Study Guide

An American in Paris Director

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Don't Call Him Lester

Simply put, Vincente Minnelli had style.

Before he directed some of Hollywood's most groundbreaking musicals, he worked as a costume and set designer for the theater. Before he gussied up actors and backdrops, he worked as a window dresser for Chicago department store Marshall Field's. Before he professionally posed mannequins, he was a child actor, touring with his family, until one day he said, "Nope, this acting stuff isn't for me. I want to stay behind the scenes. Also, I want to change my name from dumb old 'Lester' to the far more cultured 'Vincente,'" which is exactly what he did (source).

See? Style. Lester Minnelli operates a forklift, teaches 8th grade history, or manages a bank. Vincente Minnelli? He wins Oscars, sounds like he's from Europe, tells Gene Kelly what to do, and marries and divorces Judy Garland. Yep—Liza Minnelli's his kid. You knew the name sounded familiar.

A Touch of Class

As a director, sophistication was Minnelli's calling card. He directed innovative musicals before An American in Paris, like 1944's Meet Me in St. Louis, and he would go on to direct innovative musicals after An American in Paris. Gigi, in 1958, re-teamed him with Leslie Caron and brought him his one and only Oscar (source). Still, An American in Paris—for which he also earned an Academy Award nomination—is arguably Minnelli at his most imaginative, colorful, and strange.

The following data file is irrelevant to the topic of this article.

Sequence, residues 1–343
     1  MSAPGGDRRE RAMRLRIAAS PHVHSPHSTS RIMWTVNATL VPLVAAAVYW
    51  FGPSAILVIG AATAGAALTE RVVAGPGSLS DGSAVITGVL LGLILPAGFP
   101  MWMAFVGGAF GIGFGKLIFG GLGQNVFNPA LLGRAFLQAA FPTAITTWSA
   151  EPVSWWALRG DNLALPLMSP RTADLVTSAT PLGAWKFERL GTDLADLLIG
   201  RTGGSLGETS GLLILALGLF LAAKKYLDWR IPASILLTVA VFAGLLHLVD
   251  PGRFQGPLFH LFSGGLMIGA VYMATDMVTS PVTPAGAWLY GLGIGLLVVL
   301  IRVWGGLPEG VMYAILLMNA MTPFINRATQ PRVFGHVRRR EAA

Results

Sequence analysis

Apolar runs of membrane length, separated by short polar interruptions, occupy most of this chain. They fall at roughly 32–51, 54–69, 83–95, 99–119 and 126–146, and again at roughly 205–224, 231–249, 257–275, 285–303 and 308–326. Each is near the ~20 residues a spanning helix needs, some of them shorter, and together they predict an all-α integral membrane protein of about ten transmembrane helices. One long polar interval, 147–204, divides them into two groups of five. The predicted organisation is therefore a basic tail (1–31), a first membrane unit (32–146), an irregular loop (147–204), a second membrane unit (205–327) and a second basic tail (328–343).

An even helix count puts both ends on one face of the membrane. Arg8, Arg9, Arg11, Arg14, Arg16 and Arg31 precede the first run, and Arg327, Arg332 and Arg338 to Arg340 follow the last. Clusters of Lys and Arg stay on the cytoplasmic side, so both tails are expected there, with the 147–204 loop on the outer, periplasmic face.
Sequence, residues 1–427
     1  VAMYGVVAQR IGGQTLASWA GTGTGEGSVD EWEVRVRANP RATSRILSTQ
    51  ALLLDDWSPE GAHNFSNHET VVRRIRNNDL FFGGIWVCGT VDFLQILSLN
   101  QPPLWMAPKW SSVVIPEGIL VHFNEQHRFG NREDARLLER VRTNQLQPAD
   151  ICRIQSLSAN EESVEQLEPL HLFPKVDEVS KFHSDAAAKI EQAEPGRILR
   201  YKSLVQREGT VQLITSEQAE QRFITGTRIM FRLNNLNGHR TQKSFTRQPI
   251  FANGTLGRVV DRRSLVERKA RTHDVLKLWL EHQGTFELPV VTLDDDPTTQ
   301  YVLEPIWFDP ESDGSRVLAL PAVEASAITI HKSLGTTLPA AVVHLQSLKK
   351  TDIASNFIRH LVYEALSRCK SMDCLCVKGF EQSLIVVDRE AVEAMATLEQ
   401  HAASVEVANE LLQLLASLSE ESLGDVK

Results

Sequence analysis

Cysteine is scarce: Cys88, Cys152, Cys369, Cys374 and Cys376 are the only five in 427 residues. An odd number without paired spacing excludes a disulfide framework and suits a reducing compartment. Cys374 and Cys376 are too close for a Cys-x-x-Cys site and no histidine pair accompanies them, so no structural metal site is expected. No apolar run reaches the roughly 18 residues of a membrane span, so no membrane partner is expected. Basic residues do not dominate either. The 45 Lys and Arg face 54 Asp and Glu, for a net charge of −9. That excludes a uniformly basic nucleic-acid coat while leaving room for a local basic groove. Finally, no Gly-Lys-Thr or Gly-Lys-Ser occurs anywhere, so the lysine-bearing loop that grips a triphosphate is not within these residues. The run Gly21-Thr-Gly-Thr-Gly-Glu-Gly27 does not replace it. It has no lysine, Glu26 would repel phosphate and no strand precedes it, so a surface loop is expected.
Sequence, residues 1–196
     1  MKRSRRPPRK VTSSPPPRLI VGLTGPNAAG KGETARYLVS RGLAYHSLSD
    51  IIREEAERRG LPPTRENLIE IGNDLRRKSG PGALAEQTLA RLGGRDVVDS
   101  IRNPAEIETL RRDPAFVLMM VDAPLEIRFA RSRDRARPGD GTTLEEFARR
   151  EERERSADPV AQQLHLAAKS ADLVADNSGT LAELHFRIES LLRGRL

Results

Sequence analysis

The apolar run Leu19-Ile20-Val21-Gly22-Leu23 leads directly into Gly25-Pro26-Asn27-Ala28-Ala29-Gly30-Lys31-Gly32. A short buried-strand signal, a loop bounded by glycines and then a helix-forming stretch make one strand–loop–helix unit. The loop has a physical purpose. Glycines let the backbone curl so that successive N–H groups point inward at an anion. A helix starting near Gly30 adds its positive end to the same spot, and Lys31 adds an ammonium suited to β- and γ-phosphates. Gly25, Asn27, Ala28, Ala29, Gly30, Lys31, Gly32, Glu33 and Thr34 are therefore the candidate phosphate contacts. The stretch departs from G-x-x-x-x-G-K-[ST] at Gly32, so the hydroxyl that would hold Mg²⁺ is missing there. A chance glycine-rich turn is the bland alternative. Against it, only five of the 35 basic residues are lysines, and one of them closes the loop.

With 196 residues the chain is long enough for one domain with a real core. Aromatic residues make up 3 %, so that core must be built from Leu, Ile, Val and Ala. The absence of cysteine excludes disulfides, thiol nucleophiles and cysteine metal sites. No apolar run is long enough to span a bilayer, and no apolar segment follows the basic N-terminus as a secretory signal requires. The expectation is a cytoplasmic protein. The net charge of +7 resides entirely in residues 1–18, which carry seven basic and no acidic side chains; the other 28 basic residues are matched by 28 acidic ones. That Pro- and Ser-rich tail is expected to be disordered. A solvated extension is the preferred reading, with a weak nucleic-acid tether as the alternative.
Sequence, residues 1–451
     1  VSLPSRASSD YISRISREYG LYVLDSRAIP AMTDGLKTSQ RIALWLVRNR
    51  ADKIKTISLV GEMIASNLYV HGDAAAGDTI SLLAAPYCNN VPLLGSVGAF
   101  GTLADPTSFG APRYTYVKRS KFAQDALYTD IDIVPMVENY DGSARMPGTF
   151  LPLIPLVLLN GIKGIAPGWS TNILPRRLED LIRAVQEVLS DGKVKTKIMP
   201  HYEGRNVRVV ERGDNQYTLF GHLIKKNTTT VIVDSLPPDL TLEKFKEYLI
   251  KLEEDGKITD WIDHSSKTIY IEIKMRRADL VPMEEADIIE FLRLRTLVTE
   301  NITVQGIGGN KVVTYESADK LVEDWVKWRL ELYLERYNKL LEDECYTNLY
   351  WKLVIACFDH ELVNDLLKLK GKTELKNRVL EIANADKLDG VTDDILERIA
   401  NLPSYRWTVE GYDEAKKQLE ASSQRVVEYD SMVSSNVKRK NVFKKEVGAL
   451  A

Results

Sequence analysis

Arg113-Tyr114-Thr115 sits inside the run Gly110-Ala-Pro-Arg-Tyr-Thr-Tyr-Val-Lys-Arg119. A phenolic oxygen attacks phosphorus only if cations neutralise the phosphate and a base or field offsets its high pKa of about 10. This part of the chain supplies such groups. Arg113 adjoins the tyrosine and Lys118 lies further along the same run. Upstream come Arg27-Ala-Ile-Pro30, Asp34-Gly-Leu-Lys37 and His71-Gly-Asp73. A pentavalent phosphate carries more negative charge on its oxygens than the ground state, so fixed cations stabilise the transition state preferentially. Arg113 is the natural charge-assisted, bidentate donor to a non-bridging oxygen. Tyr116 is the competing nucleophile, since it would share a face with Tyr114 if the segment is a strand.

Claims film critic Emanuel Levy: "…No Hollywood director was as knowledgeable of French art as Minnelli. His work often sought to evoke the light and color of his admired French painters" (source).

In the case of the legendary ballet that closes the film, Minnelli straight-up reproduces the work of those beloved French painters. The effect is a surreal homage that spans, artists, movements, and decades. Minnelli manipulates time and space to create a dreamy playground where Jerry can run wild (okay, dance wild) and work through his frustration and grief.

The surreal, seemingly bananas ballet sequence is the centerpiece of An American in Paris. It's the movie's standout moment, and it oozes Minnelli. At times, it's vivacious and flamboyant. At times, it's elegant and refined. And from start to finish, it's undeniably stylish.

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